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Nigeria Cabinet Minister Aims to Lead African Development Bank

  • Peter Clottey

Nigeria’s Agricultural Minister Dr. Akinwumi Adesina (right). He seeks to become the next President of the African Development Bank.

Nigeria’s Agricultural Minister Dr. Akinwumi Adesina (right). He seeks to become the next President of the African Development Bank.

A leading contender for president of the African Development Bank wants to see a strong regionally integrated Africa with increasing growth that is globally competitive.

In an interview with VOA, Nigeria’s Agricultural Minister Akinwumi Adesina says his many years of work in Francophone and Anglophone countries, coupled with his passion to help eradicate poverty in Africa, qualifies him to become the next president of the African Development Bank.

He praised Donald Kaberuka, the outgoing president of the bank for his work over the years.

Adesina, however, says there are worrying trends that he will address if elected, including joblessness and inequality among Africa’s youth.

“First is to focus on smart infrastructure to allow increased productivity and efficiency in growth, to work on the private sector- private sector for wealth creation. The third is jobs for Africa’s youth and jobs for Africa’s women. The fourth area I am going put a lot of emphasis on is reviving rural economies to create shared prosperity and inclusive growth of the continent and finally,… regional integration and prosperity,” said Adesina.

Some Africans have been skeptical about the political will among the leaders on the continent to ensure integration, which they say undermines the effectiveness of the African Development Bank to achieve its objectives.

But Adesina says there is political will among heads of state and government towards integration.

“Africa has no choice than to integrate because if you look at the size of our every single country is a very small market. But we can trade a lot more among ourselves. The amount of trade among African countries is very low, is 12 percent compared to over 48 percent in Asia and compared to about almost 47 percent in the North America free trade area and almost 70 percent in Europe,” said Adesina.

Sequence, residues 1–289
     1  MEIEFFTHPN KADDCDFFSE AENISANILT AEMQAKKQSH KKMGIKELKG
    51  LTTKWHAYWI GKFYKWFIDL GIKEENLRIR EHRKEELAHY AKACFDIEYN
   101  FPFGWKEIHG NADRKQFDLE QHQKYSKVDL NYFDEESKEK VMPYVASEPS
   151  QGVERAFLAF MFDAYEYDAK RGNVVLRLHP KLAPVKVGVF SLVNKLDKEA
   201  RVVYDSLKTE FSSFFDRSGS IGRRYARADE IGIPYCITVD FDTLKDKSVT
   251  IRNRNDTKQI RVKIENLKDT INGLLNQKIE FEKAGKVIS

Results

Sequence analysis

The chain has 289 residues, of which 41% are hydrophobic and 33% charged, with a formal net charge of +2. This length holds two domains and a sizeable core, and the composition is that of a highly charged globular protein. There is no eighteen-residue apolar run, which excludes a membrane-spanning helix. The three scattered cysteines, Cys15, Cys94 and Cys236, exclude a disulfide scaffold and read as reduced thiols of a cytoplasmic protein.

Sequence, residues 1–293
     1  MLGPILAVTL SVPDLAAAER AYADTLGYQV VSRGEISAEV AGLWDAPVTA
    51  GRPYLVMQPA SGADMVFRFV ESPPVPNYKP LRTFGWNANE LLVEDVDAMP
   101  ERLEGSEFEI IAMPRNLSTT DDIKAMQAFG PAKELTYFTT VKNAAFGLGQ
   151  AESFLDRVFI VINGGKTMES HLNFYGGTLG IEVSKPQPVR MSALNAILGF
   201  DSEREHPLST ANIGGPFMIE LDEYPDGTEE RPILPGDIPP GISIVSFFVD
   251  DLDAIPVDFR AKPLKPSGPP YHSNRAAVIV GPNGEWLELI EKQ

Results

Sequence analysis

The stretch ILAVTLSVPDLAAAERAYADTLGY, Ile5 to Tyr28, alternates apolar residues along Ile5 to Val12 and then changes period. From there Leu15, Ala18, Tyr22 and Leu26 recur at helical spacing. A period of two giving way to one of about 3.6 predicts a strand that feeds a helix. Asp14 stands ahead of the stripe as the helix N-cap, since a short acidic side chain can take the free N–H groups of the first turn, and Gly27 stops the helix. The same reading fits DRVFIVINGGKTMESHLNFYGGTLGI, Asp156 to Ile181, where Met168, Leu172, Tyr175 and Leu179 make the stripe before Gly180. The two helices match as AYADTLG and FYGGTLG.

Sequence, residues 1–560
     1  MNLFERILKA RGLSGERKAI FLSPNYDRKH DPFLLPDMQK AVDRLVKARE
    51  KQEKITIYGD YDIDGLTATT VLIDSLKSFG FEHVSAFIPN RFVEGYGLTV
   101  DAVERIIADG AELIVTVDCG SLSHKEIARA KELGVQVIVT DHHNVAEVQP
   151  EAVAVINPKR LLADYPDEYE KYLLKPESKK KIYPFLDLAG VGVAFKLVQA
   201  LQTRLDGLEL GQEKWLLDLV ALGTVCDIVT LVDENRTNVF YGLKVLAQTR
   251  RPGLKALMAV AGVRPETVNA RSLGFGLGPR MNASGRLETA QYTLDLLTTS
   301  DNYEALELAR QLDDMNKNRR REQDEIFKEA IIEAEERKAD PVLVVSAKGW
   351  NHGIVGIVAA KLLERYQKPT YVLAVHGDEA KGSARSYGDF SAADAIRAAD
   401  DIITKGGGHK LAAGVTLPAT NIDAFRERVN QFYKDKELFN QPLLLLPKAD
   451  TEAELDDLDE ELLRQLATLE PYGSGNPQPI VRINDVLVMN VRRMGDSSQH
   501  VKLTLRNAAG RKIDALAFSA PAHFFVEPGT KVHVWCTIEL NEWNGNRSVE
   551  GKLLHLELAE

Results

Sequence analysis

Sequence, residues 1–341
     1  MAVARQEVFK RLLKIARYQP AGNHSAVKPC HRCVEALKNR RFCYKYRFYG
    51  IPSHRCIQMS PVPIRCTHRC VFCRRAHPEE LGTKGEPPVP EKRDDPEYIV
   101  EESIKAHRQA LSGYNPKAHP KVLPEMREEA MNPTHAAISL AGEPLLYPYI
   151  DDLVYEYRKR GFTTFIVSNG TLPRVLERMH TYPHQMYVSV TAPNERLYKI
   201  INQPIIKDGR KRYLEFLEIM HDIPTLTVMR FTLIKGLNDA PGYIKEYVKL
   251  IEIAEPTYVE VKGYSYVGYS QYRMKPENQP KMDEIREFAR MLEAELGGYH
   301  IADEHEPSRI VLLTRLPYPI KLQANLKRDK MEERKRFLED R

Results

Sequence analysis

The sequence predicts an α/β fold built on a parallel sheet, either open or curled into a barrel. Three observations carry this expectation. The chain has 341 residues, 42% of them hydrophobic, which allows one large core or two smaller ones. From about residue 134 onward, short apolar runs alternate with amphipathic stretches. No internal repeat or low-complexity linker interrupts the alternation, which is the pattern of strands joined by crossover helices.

Twenty-nine African countries have been listed as fragile states, which directly impacts the work of the African Development Bank.

Adesina says inclusive democracy could play a key role in ensuring peace and stability in African countries. He cited Nigeria’s peaceful presidential election, where incumbent President Goodluck Jonathan lost as an example of how Africa could resolve instability and ensure peace.

“The transition going on in Nigeria is totally smooth and that tells you that Nigeria’s democracy is matured and we need that all across Africa,” said Adesina.

“I feel that we need to address the sources of fragility to build institutions, to create jobs to build resilience in our economies, and to make sure that our natural resources, which creates a lot of instability and fragility are managed transparently,” he added.

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